Now Wolfe and Cessi have made enough progress to be able to advance theories of what two big puddles of fresh water at either end of the ocean would do to ocean circulation. In most of the scenarios they come up with, the effects on global climate would be significant.
“At this point, based on global climate predictions, circulation could either speed up or slow down or do nothing,” said Wolfe, a postdoctoral researcher. “That’s something we’d really like to know and that’s the question we’re trying to answer.”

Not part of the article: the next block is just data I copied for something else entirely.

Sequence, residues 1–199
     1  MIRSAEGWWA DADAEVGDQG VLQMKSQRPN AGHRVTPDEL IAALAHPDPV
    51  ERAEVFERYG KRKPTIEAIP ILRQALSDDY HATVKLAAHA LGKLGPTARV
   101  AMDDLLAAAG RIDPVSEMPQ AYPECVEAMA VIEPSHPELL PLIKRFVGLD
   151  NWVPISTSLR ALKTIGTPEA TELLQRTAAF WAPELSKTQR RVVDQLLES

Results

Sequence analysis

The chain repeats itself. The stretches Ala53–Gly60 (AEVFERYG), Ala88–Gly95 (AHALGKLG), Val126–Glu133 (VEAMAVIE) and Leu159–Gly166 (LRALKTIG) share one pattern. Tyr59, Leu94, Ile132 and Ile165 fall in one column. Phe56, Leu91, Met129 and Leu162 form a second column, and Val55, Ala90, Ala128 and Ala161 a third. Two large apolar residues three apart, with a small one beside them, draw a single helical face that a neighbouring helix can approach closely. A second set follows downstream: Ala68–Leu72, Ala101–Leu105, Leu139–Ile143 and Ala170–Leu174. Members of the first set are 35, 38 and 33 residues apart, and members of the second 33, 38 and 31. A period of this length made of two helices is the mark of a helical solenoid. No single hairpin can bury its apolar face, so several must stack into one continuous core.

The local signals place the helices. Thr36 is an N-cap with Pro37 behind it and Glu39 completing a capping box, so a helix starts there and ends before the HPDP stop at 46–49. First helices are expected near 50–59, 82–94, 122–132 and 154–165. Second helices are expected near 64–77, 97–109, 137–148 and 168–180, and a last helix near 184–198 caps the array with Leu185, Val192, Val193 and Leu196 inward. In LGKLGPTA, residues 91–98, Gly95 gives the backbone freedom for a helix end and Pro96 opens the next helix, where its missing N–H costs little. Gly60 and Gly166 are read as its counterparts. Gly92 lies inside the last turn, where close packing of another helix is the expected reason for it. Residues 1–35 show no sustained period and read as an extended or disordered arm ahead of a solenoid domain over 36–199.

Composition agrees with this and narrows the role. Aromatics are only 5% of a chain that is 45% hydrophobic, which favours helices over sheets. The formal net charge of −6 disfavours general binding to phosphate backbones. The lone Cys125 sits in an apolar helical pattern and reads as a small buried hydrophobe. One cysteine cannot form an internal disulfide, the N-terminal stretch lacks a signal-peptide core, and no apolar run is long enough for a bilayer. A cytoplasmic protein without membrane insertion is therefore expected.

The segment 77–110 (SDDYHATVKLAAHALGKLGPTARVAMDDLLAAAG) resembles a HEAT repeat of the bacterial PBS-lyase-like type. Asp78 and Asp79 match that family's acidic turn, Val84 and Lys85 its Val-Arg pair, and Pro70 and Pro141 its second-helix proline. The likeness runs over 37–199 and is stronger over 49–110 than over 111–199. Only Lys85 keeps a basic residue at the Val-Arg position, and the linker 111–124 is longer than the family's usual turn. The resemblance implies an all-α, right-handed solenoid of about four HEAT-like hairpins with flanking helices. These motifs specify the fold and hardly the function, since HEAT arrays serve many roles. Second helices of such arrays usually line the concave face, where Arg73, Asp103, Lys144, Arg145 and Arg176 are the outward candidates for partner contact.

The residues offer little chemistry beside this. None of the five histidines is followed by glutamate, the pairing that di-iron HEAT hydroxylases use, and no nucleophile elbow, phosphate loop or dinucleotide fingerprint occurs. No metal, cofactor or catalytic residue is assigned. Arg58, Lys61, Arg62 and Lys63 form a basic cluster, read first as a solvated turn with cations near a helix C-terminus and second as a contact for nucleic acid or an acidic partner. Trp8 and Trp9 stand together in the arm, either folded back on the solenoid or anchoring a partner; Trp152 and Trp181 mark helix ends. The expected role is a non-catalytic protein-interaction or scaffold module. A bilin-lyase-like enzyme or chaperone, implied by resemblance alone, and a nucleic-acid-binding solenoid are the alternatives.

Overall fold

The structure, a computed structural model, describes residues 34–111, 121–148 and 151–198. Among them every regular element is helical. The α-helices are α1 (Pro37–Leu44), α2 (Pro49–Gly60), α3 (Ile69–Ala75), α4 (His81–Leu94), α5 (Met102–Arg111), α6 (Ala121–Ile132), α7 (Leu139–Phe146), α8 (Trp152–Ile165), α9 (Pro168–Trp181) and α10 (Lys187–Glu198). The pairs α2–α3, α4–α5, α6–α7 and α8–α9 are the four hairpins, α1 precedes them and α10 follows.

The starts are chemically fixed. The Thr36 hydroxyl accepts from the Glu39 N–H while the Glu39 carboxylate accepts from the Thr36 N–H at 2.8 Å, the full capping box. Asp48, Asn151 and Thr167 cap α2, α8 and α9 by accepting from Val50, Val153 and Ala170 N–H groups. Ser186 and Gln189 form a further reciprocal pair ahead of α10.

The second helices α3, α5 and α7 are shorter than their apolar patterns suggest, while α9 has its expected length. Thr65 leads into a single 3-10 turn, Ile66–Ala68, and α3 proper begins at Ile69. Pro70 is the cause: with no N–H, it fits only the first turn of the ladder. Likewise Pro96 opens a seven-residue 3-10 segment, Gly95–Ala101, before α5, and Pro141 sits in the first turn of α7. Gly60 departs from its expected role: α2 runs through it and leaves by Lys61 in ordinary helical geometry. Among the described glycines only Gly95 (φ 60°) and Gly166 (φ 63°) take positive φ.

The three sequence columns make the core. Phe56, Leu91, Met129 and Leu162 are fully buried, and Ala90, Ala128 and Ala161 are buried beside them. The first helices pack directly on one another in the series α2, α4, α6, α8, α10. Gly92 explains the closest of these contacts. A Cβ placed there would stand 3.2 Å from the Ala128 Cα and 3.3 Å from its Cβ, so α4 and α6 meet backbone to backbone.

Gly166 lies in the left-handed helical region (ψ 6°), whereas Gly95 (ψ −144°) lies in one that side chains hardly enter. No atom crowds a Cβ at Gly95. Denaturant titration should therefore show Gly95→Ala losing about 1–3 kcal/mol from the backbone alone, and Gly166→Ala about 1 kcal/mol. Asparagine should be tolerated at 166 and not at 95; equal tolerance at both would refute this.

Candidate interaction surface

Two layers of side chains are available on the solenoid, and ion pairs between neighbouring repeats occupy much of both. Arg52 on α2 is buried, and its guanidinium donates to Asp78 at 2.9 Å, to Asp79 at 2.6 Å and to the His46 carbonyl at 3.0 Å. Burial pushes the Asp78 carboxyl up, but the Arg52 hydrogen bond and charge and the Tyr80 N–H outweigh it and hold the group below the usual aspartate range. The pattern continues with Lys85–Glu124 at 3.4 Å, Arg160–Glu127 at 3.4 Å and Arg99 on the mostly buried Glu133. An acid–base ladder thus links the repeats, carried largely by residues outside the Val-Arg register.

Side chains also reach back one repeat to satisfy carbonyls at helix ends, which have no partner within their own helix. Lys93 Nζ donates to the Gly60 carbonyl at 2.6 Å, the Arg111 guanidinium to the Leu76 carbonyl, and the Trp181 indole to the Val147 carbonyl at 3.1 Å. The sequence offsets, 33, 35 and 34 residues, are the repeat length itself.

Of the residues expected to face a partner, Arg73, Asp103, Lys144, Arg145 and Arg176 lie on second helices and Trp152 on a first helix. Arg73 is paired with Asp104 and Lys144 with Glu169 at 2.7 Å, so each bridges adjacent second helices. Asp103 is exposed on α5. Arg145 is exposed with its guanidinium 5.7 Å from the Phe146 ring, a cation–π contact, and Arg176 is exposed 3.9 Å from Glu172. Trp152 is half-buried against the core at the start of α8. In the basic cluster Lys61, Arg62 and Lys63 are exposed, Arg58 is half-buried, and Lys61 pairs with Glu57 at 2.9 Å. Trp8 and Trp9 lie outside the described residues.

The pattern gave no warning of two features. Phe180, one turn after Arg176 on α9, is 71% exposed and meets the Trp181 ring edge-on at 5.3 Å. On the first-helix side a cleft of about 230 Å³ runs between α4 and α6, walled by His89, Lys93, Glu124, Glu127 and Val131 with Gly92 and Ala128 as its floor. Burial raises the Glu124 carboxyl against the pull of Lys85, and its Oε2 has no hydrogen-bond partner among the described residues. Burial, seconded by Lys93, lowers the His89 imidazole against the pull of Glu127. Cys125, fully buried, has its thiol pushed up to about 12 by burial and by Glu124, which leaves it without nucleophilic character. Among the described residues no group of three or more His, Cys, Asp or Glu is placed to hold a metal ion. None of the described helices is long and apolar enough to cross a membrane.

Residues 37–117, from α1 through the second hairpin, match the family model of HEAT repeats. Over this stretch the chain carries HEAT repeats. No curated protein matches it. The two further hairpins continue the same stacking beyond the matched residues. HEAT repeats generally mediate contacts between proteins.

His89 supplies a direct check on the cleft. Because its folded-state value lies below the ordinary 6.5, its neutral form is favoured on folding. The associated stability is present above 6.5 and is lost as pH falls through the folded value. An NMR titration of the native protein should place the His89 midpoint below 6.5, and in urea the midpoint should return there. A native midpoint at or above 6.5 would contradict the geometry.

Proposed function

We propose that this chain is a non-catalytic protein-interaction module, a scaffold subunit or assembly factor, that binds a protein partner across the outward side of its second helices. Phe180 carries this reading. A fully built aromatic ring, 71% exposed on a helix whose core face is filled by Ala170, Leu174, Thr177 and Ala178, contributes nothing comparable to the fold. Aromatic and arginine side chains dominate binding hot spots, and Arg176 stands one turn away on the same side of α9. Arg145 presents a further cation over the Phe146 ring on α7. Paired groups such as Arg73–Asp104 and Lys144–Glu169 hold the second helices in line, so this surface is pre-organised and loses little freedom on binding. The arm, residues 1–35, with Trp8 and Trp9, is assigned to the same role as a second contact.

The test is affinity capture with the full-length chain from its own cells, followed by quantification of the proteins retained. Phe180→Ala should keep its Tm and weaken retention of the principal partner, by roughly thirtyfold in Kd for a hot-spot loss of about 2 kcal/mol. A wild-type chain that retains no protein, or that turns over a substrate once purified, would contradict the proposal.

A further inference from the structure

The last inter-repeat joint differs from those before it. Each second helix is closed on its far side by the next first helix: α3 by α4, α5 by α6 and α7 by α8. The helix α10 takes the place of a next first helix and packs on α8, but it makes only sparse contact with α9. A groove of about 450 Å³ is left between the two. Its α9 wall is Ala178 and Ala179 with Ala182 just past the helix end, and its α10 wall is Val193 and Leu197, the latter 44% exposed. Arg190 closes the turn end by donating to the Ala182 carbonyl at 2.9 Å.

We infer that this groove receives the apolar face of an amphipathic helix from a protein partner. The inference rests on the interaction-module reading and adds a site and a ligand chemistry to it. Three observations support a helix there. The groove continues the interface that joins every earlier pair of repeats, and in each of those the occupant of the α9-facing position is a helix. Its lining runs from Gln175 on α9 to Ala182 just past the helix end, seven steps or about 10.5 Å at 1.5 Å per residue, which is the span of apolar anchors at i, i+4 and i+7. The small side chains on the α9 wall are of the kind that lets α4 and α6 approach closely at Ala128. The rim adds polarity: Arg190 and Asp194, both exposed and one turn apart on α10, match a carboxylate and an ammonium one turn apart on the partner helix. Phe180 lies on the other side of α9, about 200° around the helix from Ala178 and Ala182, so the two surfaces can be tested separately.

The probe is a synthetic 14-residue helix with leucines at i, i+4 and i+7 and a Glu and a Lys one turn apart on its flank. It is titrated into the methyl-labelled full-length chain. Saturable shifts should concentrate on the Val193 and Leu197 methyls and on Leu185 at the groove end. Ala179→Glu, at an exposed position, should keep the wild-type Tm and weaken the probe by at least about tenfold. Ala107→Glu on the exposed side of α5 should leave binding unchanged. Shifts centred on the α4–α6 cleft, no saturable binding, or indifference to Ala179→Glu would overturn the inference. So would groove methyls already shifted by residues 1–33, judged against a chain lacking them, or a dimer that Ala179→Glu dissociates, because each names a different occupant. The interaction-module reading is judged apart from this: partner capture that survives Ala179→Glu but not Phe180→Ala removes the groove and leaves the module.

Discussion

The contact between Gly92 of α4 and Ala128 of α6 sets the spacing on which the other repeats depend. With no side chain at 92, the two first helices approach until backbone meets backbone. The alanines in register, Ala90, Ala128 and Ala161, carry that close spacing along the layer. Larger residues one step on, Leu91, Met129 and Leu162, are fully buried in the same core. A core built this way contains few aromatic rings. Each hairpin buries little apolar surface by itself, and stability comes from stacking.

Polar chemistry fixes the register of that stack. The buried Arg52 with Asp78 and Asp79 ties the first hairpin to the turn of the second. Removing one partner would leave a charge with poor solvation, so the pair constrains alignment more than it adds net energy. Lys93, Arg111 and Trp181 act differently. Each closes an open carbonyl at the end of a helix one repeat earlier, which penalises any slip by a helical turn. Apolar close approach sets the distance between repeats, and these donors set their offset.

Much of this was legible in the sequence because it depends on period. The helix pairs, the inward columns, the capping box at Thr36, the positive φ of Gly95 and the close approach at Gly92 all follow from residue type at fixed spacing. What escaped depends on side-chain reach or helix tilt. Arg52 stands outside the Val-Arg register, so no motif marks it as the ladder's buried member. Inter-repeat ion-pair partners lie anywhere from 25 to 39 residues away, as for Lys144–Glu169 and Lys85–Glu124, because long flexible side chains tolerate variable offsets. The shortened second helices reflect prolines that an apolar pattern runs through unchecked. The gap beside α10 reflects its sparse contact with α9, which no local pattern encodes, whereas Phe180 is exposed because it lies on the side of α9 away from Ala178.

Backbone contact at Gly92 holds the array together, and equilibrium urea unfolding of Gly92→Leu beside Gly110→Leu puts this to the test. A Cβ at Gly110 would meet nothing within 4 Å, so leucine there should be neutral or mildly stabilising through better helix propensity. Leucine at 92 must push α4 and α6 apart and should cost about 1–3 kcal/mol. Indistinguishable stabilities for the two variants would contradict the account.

If winds and differences in the buoyancy of water are what set oceans in motion to begin with, eddies are like the flywheels that keep the motion going. Without a realistic understanding of eddies, oceanographers can’t really simulate the oceans at the speeds at which water really moves. So Wolfe and Cessi elected to try to produce a computer simulation, using supercomputers at Lawrence Berkeley National Laboratory in Berkeley, Calif, Argonne National Laboratory and Oak Ridge National Laboratory. They obtained 20,000,000 CPU-hours and used a model that is highly faithful to the movement of eddies in real life. They also decided, however, to leave their computerized ocean in more or less the shape of a rectangular swimming pool and shrink its scale to about half its real size, creating what Cessi dubs a “hobbit ocean.” The computational power needed to simulate eddy activity and include a geographically-correct basin would require a devotion of resources still not available among the world’s supercomputers.